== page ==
The Supreme Court says that regulations become takings when they involve something physically occupying the property (like Loretto v. Teleprompter Manhattan, about installing wires on a building) or when they "go too far" (Pennsylvania Coal Co. v. Mahon. Unfortunately, it can be difficult to determine what is going too far.


While the court recognizes that some exactions are necessary, sometimes they count as takings. To decide this, the Supreme Court established criteria known as the Nollan and Dolan tests.

In Nollan v. California Coastal Commission (1987), the court ruled that there had to be an "essential nexus" (relationship) between the regulation's intent and the exaction.

The Nollans wanted a permit to build a new beachfront home in Ventura County. The California Coastal Commission required they dedicate a public easement for pedestrian access along the beach portion of their lot as a tradeoff for blocking the view of the water from the street.

The commission claimed that pedestrian access offset the loss of visual access, but because the Commission had an ongoing program to obtain beach easements, the court decided that the required easement did not really mitigate the impact of granting the building permit. Thus, it counted as a taking.

Later, in Dolan v. Tigard (1994), the court introduced a new test, "rough proportionality." Under that test, the exaction required by a regulation needed to be roughly proportional to the impact the regulation was addressing. The government must actually quantify that impact before the exaction, rather than simply make an argument after the fact.

Specifically, Dolan wanted to enlarge her hardware store. The city of Tigard, Oregon required her to dedicate land to build a greenway (for flood control) and a bike path across her property. The court ruled that while it the bike path may indeed offset any increase in traffic, Tigard had not actually done an analysis to show that the requirement was a reasonable way to mitigate the increased traffic.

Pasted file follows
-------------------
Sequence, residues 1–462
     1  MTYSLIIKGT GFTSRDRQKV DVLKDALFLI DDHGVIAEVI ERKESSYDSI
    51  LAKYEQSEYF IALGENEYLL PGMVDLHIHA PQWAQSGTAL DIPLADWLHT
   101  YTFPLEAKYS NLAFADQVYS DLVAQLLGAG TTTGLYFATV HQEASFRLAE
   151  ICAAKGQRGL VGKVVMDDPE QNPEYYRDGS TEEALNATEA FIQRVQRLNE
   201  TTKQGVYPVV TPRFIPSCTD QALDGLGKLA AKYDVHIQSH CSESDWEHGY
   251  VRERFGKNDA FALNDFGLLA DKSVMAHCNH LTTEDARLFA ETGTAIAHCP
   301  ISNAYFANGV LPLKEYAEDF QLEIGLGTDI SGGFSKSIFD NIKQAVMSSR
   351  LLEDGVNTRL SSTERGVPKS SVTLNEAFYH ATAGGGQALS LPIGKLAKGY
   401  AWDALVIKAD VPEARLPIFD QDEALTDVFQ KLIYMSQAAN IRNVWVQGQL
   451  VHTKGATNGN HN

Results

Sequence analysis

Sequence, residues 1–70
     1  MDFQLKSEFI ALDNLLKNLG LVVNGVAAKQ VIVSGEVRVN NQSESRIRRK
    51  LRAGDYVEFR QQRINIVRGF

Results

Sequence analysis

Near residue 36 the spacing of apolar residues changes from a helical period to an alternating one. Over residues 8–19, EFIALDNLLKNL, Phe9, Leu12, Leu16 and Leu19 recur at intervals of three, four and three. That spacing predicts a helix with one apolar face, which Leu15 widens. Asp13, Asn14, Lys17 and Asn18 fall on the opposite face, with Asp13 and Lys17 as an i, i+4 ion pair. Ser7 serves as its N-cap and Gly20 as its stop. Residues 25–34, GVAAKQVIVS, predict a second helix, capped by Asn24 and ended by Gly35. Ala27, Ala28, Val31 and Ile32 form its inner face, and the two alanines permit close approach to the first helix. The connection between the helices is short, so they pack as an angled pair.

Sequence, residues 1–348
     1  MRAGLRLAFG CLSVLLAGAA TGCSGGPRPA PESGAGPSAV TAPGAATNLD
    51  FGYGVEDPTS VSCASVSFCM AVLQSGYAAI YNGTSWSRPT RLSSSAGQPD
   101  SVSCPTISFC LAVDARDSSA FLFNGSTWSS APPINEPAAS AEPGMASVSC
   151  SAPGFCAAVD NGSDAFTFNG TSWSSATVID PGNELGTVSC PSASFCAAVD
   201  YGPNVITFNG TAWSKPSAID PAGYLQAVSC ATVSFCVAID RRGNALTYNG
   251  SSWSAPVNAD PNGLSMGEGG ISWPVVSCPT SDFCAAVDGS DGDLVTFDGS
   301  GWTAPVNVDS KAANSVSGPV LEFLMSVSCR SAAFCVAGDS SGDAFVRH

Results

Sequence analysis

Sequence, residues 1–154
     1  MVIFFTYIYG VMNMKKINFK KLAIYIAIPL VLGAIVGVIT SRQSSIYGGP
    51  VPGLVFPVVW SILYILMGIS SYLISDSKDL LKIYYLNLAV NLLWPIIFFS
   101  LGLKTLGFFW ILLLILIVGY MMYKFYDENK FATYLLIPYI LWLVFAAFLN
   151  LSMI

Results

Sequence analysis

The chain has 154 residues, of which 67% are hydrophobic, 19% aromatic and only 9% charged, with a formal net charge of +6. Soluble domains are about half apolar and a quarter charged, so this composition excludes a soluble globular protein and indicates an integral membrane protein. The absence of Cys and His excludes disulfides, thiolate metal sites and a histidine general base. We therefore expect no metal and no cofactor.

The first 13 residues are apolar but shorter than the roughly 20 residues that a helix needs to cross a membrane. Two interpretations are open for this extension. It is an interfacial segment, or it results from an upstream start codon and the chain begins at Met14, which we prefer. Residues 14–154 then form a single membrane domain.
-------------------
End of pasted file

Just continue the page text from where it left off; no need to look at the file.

As with the Nollan case, the court said that if the city were simply requiring Dolan to dedicate the land because the city needed it for the bike path, then the city should pay for the land. Without an analysis, the the city can't know whether the requirement is roughly proportional to the harm it seeks to mitigate.

While the exactions in Nollan and Dolan involved dedicating land for some purpose, exactions can also be monetary: regulations can require land owners to pay for something, rather than giving up land.

An example of a monetary exaction

Since this is fairly complex, let's take a look at an example.

A developer wants to build a 2 million square foot shopping center in an area with no transit. The two roads passing the site are both two lanes wide. In its analysis, the planning department finds that the shopping center will increase car traffic by 40%.

To get the development approved, the planning agency asks the developer to pay for stoplights at each of the shopping center's entrances, add turning lanes from the main road, build sidewalks, and rebuild the intersection, which planners expect will increase road capacity by 35%.

Those exactions pass both tests. There's a relationship between the development's impact (more car trips) and the exaction (more road capacity). And there's proportionality because the traffic is expected to increase by 40% and capacity will increase by 35%.

But if the developer had to dedicate land for a new school, a court could find that an unconstitutional taking because a shopping center doesn't add students, so there's no relationship between it and needing more schools.

Or, if the shopping center is on a parcel where the master plan showed an interchange, and the agency requires the developer to build the interchange without any analysis of its effect on traffic, the court would conclude that the city is requiring the interchange because of the master plan, not to mitigate the traffic from the shopping center.

What does Koontz mean for communities?

The court made two key rulings in Koontz. First, the Nollan and Dolan tests apply to monetary exactions just like they apply to land dedications. Secondly, the Nollan/Dolan tests apply even when the permit is denied (and therefore there is no taking).

The court did not actually rule on the merits of the case. Koontz's case will have to wend its way through a few more courtrooms before he can determine whether he deserves compensation from the Water Management District.